Monthly Archives: July 2013

Thoughts on how to treat a tablet device with Windows 8 (not RT)…

In this blog I try to reflect my thoughts on how to treat a tablet device which is equipped with Windows 8 (preferably Enterprise) in a corporate environment.

I assume the following things are in place:

  • The tablet is a domain member, activation is done using Key Management Service (KMS)
  • Machines are deployed using a centralized and standardized method using tools such as Configuration Manager 2012 SP1 and/or MDT 2012 U1
  • Company policy requires Bitlocker to be enabled if the tablet device has a TPM chip, the recovery key is stored in Active Directory
  • DirectAccess is used to have the device connected to the corporate network, no matter where the user is located as long as an internet connection is available (don’t bother VPN or other stuff that might frustrate a user)

Devices such as Windows Phones, Windows RT based tablets or Apple iPads are ones that will mostly reside outside the corporate network. For these devices it is recommended that management is facilitated for outside use, for example Windows Intune or a similar product.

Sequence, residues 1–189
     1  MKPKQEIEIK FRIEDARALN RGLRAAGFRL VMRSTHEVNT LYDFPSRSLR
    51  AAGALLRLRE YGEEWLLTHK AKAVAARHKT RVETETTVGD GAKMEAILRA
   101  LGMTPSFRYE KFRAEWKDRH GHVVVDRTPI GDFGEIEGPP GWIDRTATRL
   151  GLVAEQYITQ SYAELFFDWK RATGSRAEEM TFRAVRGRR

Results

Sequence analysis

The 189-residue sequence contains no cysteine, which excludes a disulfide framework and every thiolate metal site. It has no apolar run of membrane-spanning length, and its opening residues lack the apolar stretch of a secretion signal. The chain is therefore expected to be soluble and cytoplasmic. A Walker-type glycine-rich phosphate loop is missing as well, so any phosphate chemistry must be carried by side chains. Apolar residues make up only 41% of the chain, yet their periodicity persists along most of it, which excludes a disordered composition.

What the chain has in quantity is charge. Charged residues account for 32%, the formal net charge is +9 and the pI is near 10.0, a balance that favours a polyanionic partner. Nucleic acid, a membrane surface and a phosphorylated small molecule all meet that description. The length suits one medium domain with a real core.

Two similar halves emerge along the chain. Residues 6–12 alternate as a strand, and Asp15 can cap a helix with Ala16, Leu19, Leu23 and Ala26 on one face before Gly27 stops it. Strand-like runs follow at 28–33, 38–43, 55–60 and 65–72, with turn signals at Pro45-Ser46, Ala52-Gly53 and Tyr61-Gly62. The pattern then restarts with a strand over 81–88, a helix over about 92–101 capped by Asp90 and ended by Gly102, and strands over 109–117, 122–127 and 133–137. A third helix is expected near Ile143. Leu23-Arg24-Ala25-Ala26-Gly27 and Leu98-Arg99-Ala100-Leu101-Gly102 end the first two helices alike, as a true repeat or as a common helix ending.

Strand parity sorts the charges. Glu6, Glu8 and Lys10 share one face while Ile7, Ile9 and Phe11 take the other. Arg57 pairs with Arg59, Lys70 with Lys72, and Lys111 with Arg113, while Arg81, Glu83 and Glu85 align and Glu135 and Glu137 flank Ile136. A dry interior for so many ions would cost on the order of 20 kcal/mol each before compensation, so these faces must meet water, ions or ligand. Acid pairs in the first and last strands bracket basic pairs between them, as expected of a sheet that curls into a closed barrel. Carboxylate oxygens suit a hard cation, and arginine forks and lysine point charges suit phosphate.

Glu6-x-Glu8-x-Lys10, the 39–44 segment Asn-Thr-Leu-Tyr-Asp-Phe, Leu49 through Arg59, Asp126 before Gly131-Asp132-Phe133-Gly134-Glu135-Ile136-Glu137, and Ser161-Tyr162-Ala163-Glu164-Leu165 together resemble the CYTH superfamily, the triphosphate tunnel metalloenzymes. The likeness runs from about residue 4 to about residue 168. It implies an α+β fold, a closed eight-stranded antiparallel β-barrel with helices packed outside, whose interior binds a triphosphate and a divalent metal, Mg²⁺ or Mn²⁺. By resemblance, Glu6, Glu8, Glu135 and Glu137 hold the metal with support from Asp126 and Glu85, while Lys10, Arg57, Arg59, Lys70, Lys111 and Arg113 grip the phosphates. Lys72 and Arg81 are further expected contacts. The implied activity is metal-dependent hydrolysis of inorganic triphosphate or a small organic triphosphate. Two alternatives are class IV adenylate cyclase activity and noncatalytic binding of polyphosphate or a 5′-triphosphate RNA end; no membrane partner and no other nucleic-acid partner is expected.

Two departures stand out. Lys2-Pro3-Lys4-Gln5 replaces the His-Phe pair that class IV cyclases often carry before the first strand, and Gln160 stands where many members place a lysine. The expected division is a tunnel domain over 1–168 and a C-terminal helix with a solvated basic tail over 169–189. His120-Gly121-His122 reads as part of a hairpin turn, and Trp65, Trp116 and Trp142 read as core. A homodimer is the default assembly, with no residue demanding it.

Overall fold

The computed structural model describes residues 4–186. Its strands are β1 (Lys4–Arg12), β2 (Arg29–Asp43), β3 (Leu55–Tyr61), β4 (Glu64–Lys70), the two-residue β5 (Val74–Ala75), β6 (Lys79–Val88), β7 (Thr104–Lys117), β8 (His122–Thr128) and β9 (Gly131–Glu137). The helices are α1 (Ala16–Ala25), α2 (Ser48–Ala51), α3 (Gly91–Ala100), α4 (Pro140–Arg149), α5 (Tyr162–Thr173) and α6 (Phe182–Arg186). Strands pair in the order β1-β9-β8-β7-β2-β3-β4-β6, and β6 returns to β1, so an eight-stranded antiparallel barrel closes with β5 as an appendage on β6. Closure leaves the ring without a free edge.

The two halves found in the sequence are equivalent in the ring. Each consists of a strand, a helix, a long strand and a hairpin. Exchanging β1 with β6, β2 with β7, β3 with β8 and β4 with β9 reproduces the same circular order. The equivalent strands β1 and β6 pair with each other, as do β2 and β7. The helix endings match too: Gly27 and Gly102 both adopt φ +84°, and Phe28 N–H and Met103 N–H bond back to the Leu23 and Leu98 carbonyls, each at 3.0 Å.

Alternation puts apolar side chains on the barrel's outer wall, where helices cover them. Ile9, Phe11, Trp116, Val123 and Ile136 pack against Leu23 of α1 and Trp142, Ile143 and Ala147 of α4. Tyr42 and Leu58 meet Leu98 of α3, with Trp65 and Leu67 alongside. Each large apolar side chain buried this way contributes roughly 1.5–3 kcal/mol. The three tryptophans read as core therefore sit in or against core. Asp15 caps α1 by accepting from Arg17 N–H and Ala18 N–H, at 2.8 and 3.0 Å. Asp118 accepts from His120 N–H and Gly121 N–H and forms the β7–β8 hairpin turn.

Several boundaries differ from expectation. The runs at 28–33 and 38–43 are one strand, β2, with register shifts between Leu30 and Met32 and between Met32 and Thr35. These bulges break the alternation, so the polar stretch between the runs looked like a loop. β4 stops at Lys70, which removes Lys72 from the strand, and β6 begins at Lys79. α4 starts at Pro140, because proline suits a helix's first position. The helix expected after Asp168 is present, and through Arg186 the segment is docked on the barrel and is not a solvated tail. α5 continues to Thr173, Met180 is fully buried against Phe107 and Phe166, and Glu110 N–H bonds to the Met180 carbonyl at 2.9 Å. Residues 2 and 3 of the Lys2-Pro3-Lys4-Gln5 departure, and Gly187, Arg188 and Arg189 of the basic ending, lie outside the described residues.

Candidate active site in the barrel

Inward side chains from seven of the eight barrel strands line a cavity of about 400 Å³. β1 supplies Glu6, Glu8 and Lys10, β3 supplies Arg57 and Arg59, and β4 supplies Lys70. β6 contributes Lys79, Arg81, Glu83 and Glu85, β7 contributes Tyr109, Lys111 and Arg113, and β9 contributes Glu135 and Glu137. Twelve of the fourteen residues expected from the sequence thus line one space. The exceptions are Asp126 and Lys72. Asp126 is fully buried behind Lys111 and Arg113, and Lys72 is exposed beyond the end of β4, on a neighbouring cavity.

A Windows 8 tablet, however, is something that can be fully managed by Group Policy and tools such as Configuration Manager 2012 SP1. Keeping this ability in perspective, I would consider a Windows 8 tablet a fat client. A user should still be allowed to connect his or her account with a Microsoft account to allow to use the Windows Store.

This may sound shocking that I would treat a Windows 8 similarly as a desktop or laptop. For me, they all have the same Operating System. The only difference is that a Windows 8 tablet is a little bit smaller in size and easier to carry than a laptop (or even a desktop for the die-hards).

Using DirectAccess allows administrators to manage these devices the same way as internal devices, even if a tablet user is doing is of her job at the beach in a hangmat having a nice cocktail…


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Posted by on 29/07/2013 in Opinion, Windows Client


ConfigMgr 2012 SP1: Deploying Windows 8 Enterprise on a tablet device, first impressions…

At one of my current projects, I have the privilege of creating a Task Sequence to deploy Windows 8 on a tablet device. The customer uses a DELL Latitude 10 tablet. Fortunately, they purchased docking stations for these devices as well.